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DECATUR – The white dress and tuxedo are wedding wear staples, but these days couples are looking for more by going with less.

Marina Loehr, owner and seamstress of the Marina Bridal Shop, said after years of heavy veils and long trains traditional wedding clothing has shifted.

“Everything is more simple now,” Loehr said.

She can't say if the change is from smaller budgets or something else, but Loehr said most couples aren't as formal anymore. Whether it's a tiara, feathers, camouflage, hats, rain ponchos or red gowns, these Central Illinois couples wore it their way on the big day.

If the boot fits

Corey Dowd and Betsy Miller Dowd, of Pawnee. Married Sept. 13, 2014.

The bride great up riding horses and the groom is a duck hunter, so wedding boots, jeans and camouflage ties were a perfect fit.

“We're big country people,” said bride Betsy Dowd.

The couple had already been together 11 years, so they knew they wanted a relaxed wedding.

“During the ceremony everyone was in jeans,” Dowd said. “Even our preacher was in jeans and a sports jacket.”

While it wasn't an instruction for anyone outside the wedding part to wear cowboy or work boots, several guests used it as an occasion to buy a new pair of boots.

“We didn't want to make people feel uncomfortable,” she said. “Everyone saw it coming, we just wanted it be a big party.”

Hoping to spare the cost of expensive dresses for friends who were in multiple weddings, Betsy Dowd gave her wedding party a purple color swatch to match. Even her bouquet, made up from antique brooches, spoke to their efforts as casual and cost effective.

“Corey had to help me put them all in, he was really helpful”

The groom wore dark jeans, boots and a vest.

“I wouldn't have had a wedding if I was in a suit,” Corey Dowd said.

The groomsmen had home-sewn camouflage ties and spent the morning of the wedding shooting clays. They even found a way to fit duck hunting into the wedding.

“We took the feathers from that and put them in the boutonniere,” Betsy Dowd said.

A touch of the macabre

Tanya and Brian Haubner, of Decatur. Married July 24, 2010.

Since it was a second wedding for both the bride and the groom, they wanted to do it their way.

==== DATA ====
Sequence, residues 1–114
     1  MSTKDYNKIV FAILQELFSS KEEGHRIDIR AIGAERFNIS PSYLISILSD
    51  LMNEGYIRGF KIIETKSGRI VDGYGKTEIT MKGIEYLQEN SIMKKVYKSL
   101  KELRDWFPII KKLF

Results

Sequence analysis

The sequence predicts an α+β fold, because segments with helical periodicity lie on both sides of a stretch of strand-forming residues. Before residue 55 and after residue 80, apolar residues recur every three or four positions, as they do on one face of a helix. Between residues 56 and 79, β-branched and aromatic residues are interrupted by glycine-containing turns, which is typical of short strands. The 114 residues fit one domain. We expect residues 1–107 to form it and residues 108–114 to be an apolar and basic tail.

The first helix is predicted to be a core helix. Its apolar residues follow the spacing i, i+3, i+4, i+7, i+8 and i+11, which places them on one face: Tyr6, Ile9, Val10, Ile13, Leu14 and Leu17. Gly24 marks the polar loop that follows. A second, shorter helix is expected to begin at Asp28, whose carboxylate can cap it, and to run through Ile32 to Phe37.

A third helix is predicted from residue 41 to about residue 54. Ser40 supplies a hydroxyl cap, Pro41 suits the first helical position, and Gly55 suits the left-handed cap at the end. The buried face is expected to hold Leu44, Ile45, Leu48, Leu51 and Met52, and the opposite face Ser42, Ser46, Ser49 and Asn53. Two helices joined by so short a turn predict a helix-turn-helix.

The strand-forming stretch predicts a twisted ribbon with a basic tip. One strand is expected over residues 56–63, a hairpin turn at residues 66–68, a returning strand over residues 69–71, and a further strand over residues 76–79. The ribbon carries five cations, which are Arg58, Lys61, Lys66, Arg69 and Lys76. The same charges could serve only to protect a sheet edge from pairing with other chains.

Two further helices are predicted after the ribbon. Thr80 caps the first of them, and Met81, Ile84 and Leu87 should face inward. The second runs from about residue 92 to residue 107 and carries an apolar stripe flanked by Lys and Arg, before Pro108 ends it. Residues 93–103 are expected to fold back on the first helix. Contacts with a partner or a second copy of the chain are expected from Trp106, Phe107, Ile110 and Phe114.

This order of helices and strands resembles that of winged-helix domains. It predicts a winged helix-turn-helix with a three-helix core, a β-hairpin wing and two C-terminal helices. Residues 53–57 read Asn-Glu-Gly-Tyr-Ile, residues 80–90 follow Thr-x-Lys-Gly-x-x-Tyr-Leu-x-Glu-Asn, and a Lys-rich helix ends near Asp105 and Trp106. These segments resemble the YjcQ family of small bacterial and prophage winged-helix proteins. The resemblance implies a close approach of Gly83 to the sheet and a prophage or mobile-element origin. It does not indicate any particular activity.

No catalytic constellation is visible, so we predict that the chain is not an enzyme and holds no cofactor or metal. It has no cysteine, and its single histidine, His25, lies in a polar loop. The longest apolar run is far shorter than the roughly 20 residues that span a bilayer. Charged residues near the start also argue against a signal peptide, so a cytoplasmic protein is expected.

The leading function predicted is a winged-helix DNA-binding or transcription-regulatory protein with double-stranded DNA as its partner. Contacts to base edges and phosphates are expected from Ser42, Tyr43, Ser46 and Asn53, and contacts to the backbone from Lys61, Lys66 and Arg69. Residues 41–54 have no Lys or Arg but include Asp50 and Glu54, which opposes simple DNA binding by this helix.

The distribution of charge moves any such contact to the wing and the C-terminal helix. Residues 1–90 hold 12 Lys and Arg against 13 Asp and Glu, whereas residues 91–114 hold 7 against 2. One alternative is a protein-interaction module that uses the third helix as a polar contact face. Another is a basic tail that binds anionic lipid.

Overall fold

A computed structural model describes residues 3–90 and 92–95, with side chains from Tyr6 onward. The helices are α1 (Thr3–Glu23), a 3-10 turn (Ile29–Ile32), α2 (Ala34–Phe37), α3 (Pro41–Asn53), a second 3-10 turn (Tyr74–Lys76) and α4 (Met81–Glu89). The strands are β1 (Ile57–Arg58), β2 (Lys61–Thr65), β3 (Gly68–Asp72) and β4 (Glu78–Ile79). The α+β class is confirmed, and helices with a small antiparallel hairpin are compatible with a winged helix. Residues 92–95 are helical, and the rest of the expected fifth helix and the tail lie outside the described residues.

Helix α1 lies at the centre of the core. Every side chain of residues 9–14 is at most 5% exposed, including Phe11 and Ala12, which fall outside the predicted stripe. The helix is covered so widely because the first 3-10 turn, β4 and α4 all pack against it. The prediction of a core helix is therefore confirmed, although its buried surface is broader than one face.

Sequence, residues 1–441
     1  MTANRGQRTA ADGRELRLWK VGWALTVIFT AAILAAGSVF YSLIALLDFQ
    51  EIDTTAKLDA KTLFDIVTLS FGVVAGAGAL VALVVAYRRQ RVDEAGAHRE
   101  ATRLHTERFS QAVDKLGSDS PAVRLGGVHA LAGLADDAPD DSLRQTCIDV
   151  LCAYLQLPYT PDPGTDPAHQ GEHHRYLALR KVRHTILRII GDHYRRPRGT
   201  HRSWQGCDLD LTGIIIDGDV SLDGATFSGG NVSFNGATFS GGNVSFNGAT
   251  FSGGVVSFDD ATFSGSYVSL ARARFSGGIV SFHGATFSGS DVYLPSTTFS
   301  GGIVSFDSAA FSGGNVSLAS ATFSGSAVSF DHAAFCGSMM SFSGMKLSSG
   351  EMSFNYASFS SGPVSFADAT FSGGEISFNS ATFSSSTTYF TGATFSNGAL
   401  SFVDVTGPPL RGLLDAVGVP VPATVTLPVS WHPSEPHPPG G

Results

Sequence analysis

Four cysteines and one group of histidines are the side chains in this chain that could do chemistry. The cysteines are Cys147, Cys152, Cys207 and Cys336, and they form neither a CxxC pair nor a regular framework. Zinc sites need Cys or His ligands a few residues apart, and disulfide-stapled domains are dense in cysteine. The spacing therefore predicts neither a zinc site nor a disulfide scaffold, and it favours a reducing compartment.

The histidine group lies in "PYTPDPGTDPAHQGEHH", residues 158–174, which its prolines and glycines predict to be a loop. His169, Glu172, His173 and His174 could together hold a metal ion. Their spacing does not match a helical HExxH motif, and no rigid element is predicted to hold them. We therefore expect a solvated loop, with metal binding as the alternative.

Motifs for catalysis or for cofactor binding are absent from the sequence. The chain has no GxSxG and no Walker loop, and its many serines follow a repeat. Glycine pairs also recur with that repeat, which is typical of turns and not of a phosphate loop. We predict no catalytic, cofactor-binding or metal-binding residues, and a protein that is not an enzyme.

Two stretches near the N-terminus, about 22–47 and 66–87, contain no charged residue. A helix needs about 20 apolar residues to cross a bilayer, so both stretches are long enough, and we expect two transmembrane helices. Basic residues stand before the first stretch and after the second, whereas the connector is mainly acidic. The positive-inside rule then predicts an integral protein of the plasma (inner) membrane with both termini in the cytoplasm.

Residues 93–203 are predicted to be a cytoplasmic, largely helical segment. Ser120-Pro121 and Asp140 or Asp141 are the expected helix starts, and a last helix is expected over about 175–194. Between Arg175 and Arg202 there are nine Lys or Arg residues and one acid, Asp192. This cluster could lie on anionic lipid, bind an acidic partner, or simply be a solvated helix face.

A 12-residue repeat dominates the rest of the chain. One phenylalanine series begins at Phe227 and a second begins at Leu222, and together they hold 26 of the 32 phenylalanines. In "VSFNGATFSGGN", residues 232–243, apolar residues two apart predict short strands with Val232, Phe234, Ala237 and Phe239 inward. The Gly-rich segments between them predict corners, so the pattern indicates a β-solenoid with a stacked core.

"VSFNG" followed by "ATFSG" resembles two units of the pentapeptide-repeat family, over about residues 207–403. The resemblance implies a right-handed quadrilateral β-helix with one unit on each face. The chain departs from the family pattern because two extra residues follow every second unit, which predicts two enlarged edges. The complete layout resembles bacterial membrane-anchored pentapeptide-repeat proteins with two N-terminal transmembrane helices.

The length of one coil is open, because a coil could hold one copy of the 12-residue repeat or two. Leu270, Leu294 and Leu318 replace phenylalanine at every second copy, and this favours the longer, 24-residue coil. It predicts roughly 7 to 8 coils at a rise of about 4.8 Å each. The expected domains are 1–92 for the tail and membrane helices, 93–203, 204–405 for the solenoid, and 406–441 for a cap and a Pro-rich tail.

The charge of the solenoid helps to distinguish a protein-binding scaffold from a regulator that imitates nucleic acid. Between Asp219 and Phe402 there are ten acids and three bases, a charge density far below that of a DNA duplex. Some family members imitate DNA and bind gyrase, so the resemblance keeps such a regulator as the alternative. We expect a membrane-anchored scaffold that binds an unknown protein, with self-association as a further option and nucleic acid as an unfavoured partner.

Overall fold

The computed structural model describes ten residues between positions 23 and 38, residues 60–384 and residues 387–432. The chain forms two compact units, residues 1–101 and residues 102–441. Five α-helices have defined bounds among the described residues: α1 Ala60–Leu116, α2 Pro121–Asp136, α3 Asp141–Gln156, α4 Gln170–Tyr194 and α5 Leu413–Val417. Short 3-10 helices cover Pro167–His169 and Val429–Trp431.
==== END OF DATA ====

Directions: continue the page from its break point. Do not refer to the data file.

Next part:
“We decided that we had done the church wedding and we wanted to keep it small and have a huge party,” said Tanya Haubner.

She and her husband Brian love Halloween so much it became the theme of their haunted wedding, including a black and red cake, skulls, blood red roses and a wedding gown to match.

“I really, really, really wanted a red dress and I searched high and low,” Haubner said.

That quest turned out to be harder than she thought and took her all the way to St. Louis, where she was able to buy a gown the right shade of red with a train that wasn't a prom dress.

“Most people thought we were weird all of our friends thought it was so cool,” she said.

Brian Haubner, a big KISS fan, walked down the aisle to their music and wore a KISS shirt at the ceremony. The guests went casual for the hot July ceremony, with sun dresses and shorts. Several even came in Scottish kilts and custom-made T-shirts the read “wedding security.”

“We wanted people to come and be comfortable,” Haubner said.

Keeping it casual

Dan Sehy and Sarah Ruholl-Sehy, of Effingham. Married Aug. 9, 2013.

“We didn’t want a big wedding, we actually had a secret wedding,” said Sarah Ruholl-Sehy. “We invited everyone the day before.”

The couple settled on a date for their backyard wedding the week before at a time convenient for their closest family members.

“They weren’t too surprised knowing us that this is what we were going to do,” she said.

The bride's mother made a bird-cage style veil out of old bits of lace, feathers, a doily and a barrette. The dress, short and lacy, was something she would wear again and was accompanied by turquoise flats and a chunky necklace.

“The whole thing was very laid back,” she said.

The groom picked up plaid shorts and a polo shirt for the occasion.

“I still wear them now,” Dan Sehy said.

Guests were told to dress casually. After hearing the bride's father would be wearing a Hawaiian shirt, the officiating judge decided to wear one as well. However, one of the bride's brothers wasn't informed of the dress code.

“He showed up in slacks and a tie,” and was appointed a spur-of-the-moment usher said Sarah Ruholl-Sehy.

When it rains

Krystal and Kevin Callarman, of Decatur. Married Sept. 2, 2010.

When Krystal and Kevin Callarman got married at the appropriately named “Bridal Veil Falls” the smallest of the Niagara Falls they knew it was going to be wet. Luckily, they came prepared.

“We wore ponchos,” said Krystal Callarman.

Wearing black and white ponchos over street clothes and provided slip-proof sandals, the two exchanged vows in the mist of the waterfalls. Following in the footsteps of her grandparents who honeymooned at the falls when they got married, the couple knew they wanted a stress-free wedding.

“We would rather have something low key and come back and celebrate together,” she said.

They did their bachelor and bridal showers in Decatur before traveling to New York. It was at the bridal shower that Krystle Callarman's future step-sister-in-law and step-mother-in-law gave them the home-made ponchos, complete with lace from her own veil.

Looking back, both said they wouldn't change a thing.

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